By Keith Yearman
June 24, 2007
On July 6, 2005 United Nations “peacekeeping” forces in Haiti (MINUSTAH, the United Nations Stabilization Mission for Haiti) raided the slum of Cite Soleil. What happened during the raid was disputed, until the following documents were released in response to a Freedom of Information Act request filed by Keith Yearman.
The State Department’s reviewers searched the Central Foreign Policy Records, uncovering ten documents. One document was released in full, six documents were released with excisions, and three documents were withheld in their entirety. The released documents appear below.
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Brazil Shows Backbone: A NarcoNews Article
While the world’s attention was focused on the London subway bombings in July 2005, Brazilian soldiers with the United Nations Stabilization Mission in Haiti (MINUSTAH) was busy wreaking havoc on the city of Cite Soleil. The assault on the city resulted in numerous civilian deaths, although the exact number remains a source of controversy. Now, one year after the massacre, the State Department has released several cables surrounding the Cite Soleil massacre. These heavily-excised documents, requested under the Freedom of Information Act, suggest Cite Soleil was to be the target of at least one more assault. Additionally, they raise the question as to whether United Nations forces knew their actions on July 6 would result in heavy civilian casualties. Cite Soleil had been under UN attack for the months preceding the massacre. Dread Wilme, the primary target of the July 6 mission, was named a “gang leader” by the US government, the Haitian regime and the United Nations. On April 4, 2005 Wilme gave an interview with New York’s Haitian radio station Lakou in which he described MINUSTAH’s attacks on the city:
“MINUSTAH has been shooting tear gas on the people. There are children who have died from the gas and some people inside churches have been shot. The Red Cross was with us. The Red Cross was just here and might have just gone on to pick up more children and adults who have gotten shot. The Red Cross is the only one helping us. The MINUSTAH soldiers remain hidden in their tanks and just aim their guns and shoot the people. They shoot people selling in the streets. They shoot people just walking in the streets. They shoot people sitting and selling in the marketplace.”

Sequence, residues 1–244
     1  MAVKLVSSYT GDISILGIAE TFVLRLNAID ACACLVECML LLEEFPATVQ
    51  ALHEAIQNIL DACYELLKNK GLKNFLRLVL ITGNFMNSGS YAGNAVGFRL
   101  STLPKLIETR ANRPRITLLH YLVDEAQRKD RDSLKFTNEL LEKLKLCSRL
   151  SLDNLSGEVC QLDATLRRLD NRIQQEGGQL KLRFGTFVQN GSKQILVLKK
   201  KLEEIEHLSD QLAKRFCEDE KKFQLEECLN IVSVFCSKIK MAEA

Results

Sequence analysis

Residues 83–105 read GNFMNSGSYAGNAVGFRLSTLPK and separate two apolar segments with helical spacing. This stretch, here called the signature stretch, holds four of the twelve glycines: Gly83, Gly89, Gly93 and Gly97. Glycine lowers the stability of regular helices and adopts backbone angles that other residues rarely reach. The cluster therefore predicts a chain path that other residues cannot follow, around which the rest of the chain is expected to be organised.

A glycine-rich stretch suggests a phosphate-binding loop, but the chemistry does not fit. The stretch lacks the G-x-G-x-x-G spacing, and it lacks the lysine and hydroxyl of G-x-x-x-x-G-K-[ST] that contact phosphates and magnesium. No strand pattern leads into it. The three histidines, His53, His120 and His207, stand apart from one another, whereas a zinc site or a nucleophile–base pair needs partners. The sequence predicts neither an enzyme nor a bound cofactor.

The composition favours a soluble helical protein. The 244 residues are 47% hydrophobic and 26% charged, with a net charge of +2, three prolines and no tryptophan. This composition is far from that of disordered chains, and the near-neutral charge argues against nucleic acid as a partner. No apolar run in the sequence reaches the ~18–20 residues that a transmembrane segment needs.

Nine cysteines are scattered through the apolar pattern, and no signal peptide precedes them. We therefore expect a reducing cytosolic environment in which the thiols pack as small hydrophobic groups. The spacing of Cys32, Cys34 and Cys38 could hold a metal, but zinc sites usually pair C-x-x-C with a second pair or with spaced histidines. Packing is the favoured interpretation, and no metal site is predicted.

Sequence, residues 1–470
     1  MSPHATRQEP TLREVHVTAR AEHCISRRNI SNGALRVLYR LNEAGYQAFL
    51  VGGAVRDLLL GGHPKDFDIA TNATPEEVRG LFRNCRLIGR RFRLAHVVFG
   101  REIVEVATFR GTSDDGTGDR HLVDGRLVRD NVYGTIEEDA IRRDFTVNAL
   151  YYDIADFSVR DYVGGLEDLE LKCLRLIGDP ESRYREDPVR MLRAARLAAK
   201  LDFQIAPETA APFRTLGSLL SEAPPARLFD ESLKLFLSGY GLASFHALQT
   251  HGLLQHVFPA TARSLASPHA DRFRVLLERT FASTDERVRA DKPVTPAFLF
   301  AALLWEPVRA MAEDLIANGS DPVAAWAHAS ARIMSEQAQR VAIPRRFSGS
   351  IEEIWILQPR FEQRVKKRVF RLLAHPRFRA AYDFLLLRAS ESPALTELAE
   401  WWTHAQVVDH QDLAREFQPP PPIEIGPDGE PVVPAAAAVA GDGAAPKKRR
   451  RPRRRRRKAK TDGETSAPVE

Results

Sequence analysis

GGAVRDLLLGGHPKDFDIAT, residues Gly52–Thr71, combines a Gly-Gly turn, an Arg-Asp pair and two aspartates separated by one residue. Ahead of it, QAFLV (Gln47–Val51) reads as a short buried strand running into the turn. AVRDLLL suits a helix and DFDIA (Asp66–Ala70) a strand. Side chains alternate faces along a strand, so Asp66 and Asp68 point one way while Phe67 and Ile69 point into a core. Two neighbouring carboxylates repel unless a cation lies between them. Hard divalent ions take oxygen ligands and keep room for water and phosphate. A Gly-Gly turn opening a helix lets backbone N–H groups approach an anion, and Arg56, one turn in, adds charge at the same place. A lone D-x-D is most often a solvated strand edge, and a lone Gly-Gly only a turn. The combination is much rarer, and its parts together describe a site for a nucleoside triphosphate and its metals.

The July 6 raid was, according to a July 20, 2005 cable from the United States Mission at the United Nations, “meant to be a surgical operation to detain [Wilme]…the aim was not to kill Wilme or his supporters…MINUSTAH’s soldiers went into the area on July 6 for only 5 to 6 minutes to complete the operation.” The cable, written by Deputy Chief of Mission Anne Patterson, blames the massacre on gangs which “‘went crazy’ and retaliated against some Cite Soleil residents who were rumored to by MINUSTAH informants.”
The Deputy Chief of Mission to Haiti, Douglas M. Griffiths, seems to rebuke Patterson’s description of the purpose of the July 6 operation. In a July 12 cable, he specifically refers to a contact’s “orders to participate in the attack on Dread Wilme” (emphasis added).
Additionally, US Ambassador to Haiti James Foley suggested the July 6 operation was much more severe than Patterson’s portrayal. In a July 26, 2005 cable Foley reported,
“MINUSTAH’s after action report stated that the firefight lasted over seven hours during which time their forces expended over 22,000 rounds of ammunition and received heavy fire in return…As the operation was a raid, MINUSTAH did not remain in the area to do an assessment of civilian or gang member casualties, nor were they able to recover any of the gang members’ bodies.”
The damage was significant, as a source within MINUSTAH told the Ambassador. “Given the flimsy construction of homes in Cite Soleil and the large quantity of ammunition expended, it is likely that rounds penetrated many buildings, striking unintended targets.”
How Many Deaths?
Griffiths, in one of the first cables filed after the operation on July 6, reported the “killing [of] gang leader Dread Wilme and an unspecified number of his associates.” On July 12, Griffiths reported “MINUTSAH was being accused of killing more than twenty women and children.” His source described the statistics as “credible.”